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Most Central European investors invest only in officially rated corporate bonds. But a majority of Nordic companies are unrated and are doing just fine. We met up with Nordic CFOs to find out why.

While official ratings are a big deal in Europe, in the Nordics, most companies are not rated by any of the major rating agencies. In fact, more than half of the Nordic issuers are unrated, which means companies that pay more coupon than their rated peers may remain unnoticed, even though their credit fundamentals might be better. 

The reasons why Nordic companies are often unrated range from easy local funding to good credit research coverage. The latter ensures that valuation comparisons are not a problem.

Unrated? Not a problem

Take the case of the Axzon Group, which successfully completed a 4-year bond issue of EUR 135 million in May of this year.

"We are very pleased with the road show we held in the Nordic market in the spring", says Hans Henrik Pedersen, CFO of the Danish agricultural company The Axzon Group.

Axzon group is a Danish agricultural and food production company with four production units across Europe. Its largest customers are blue chip European retailers. The company employs approximately 2,400 people.

In the past three years, the company has been investing significantly in increased production capacity and further processing facilities. These expansions have been financed through individual loans with local banks as well as international finance institutions.

"We then decided to refinance our loan portfolio with a corporate bond to clean up the structure", Pedersen says.

Refinancing provides a more stable financing structure, which enables the group to pursue further business development opportunities.

Bonds sold to Nordic investors

Axzon met Nordic investors in Denmark, Norway, Sweden and Finland. The outcome of the road show was very positive – the bonds were sold within a day, primarily to investors in the Nordic countries. For Axzon, it was the first time they had been financed by the bond market.

And as is the case with many other North European companies, Axzon is not officially rated.

Pedersen recalls that this didn't raise any questions during the road show. If the quality of the credit is good, the company's official rating doesn’t need to be an issue to the investor.

"Nordic investors are very used to unrated corporate bonds", he says.

Acquiring official rating is an investment. However, it may not be a beneficial process for all companies, at least for ones which are not regular issuers and whose issue sizes are relatively small.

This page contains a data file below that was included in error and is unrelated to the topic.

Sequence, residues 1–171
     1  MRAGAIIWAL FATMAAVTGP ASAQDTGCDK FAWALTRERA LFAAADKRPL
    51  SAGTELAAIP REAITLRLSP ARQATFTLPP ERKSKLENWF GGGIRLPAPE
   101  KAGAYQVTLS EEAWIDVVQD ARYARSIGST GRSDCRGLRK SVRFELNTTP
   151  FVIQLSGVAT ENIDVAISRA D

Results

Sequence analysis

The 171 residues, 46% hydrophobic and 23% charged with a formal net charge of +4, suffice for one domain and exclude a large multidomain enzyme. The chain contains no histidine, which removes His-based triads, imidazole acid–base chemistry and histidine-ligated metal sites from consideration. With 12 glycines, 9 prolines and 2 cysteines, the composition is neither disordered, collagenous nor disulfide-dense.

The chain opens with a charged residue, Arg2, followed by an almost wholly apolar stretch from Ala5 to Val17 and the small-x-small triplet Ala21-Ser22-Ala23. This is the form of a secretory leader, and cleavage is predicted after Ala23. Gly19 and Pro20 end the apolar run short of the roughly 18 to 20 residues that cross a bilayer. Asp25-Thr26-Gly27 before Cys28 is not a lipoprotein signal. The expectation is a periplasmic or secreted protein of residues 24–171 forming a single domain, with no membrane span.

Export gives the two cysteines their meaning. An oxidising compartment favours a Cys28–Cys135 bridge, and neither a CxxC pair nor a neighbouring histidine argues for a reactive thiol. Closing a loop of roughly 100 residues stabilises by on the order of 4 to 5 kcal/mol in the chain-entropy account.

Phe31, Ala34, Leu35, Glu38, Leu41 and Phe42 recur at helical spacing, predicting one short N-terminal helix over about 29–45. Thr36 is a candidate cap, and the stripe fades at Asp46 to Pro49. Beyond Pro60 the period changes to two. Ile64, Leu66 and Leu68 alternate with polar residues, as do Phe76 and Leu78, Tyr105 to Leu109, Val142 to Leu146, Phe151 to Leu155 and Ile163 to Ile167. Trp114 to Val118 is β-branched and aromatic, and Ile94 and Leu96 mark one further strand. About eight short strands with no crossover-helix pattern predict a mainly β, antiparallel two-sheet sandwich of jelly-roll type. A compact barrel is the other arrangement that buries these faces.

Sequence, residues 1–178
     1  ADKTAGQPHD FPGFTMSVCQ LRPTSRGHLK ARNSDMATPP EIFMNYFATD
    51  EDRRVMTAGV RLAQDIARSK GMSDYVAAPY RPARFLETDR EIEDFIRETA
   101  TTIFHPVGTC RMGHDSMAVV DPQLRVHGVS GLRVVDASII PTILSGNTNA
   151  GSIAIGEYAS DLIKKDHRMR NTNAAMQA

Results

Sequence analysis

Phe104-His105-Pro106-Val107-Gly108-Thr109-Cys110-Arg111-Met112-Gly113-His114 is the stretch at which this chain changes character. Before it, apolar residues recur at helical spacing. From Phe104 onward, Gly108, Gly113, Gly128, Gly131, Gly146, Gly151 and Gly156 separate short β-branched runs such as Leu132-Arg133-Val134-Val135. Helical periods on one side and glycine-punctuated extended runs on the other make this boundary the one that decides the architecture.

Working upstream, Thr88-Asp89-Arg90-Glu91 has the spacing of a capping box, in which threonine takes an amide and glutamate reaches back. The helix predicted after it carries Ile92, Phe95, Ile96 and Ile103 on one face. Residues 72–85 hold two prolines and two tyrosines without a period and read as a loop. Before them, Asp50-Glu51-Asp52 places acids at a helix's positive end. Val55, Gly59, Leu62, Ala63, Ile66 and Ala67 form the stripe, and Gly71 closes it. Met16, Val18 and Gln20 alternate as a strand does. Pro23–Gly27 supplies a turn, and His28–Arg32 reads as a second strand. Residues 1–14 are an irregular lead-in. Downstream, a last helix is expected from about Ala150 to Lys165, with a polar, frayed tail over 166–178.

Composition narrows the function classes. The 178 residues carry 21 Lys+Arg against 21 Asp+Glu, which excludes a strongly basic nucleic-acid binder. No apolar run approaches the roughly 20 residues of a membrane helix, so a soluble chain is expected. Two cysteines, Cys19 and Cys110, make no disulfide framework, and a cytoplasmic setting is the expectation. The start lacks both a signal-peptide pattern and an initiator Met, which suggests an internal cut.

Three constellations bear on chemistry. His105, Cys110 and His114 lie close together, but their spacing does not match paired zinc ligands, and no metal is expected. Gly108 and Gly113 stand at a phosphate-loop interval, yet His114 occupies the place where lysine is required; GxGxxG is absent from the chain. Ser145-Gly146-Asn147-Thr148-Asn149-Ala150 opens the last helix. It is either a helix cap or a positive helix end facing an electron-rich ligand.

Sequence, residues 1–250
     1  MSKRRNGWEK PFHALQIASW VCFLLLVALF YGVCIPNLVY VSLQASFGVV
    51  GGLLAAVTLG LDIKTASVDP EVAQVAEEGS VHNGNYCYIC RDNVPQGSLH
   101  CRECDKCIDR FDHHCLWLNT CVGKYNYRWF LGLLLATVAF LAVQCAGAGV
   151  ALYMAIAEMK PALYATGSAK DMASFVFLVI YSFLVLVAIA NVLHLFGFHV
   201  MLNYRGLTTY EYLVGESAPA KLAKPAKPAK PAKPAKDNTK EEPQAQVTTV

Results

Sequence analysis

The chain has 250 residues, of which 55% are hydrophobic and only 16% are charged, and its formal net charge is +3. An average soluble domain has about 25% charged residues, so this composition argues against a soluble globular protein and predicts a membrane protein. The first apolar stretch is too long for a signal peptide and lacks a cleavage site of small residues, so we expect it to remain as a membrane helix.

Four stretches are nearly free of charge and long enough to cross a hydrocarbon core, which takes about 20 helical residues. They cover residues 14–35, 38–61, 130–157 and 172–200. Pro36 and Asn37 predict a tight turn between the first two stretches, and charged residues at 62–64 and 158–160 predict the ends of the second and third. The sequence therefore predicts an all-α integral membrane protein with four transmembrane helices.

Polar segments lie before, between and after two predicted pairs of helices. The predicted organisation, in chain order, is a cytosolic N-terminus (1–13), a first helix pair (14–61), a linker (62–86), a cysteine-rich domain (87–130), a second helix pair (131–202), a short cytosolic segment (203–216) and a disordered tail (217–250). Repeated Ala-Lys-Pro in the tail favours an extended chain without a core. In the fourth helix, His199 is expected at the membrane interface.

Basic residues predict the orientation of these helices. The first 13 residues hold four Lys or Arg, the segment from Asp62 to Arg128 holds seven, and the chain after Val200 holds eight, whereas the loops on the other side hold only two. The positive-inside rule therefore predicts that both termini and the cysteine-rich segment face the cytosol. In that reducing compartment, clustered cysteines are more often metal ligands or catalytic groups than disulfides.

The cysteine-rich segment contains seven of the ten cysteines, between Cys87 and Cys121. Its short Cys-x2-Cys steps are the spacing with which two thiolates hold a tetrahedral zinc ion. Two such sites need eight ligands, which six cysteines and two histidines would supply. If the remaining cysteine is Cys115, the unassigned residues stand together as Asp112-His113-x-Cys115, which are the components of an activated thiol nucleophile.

"We wanted to be agile and efficient. If we had gone through the rating process, securing financing would have taken much longer", Pedersen says.

Kemira attracts investors

Getting an official rating has also held little appeal for Kemira, whose bond issuances have proved attractive to investors. Being a blue-chip company with a solid track record, Kemira has a good standing with analysts and investment houses.

Kemira is a global chemicals company with customers in water intensive industries such as paper and pulp, municipal and industrial water treatment, oil and gas and mining. In 2016, Kemira had annual revenue of EUR 2.4 billion. Chemicals are a globally growing industry and most of Kemira’s main competitors have an official rating, yet Kemira does not. Why is that?

“It is rather simple, really. We are smaller than most of our competitors, thus our need for capital is smaller and less frequent”, explains CFO Petri Castrén.

The investors in regional market know their companies well

“When we issue corporate bonds of EUR 100-200 million, a large part of investors are Finnish institutions, banks and brokers, which have good skills in credit analysis. In Nordic countries, companies are fewer and smaller than elsewhere, so it is possible for investors to gain a very good knowledge of them. The market knows how to price the risk”, summarises Castrén.

From Kemira’s point of view, the pros of rating such as cheaper funding have not so far outweighed the cons. In addition to costs, rating requires time and resources. Kemira is an equity-listed blue-chip company with good equity ratio and well known in large investment houses as it is.

Maintaining good investor relations pays off

Last May, Kemira issued bonds of EUR 200 million and bought back bonds of EUR 100 million. “Almost 2/3 of our bond investors are in Finland, the second largest group comes from other Nordic countries and the rest from elsewhere in Europe”, tells Castrén.

“We value our investor relations”, Castrén says. Prior to latest bond issue, Kemira arranged a road show in Helsinki, Stockholm and Copenhagen for large investors. Kemira’s Investor Relations unit serves both equity and bond holders. Both are included in annual investor meetings and informed about company matters.

“Our investors are the ones who finally decide, what is required from us. Should the market change, we will adapt to that”, emphasizes Castrén.

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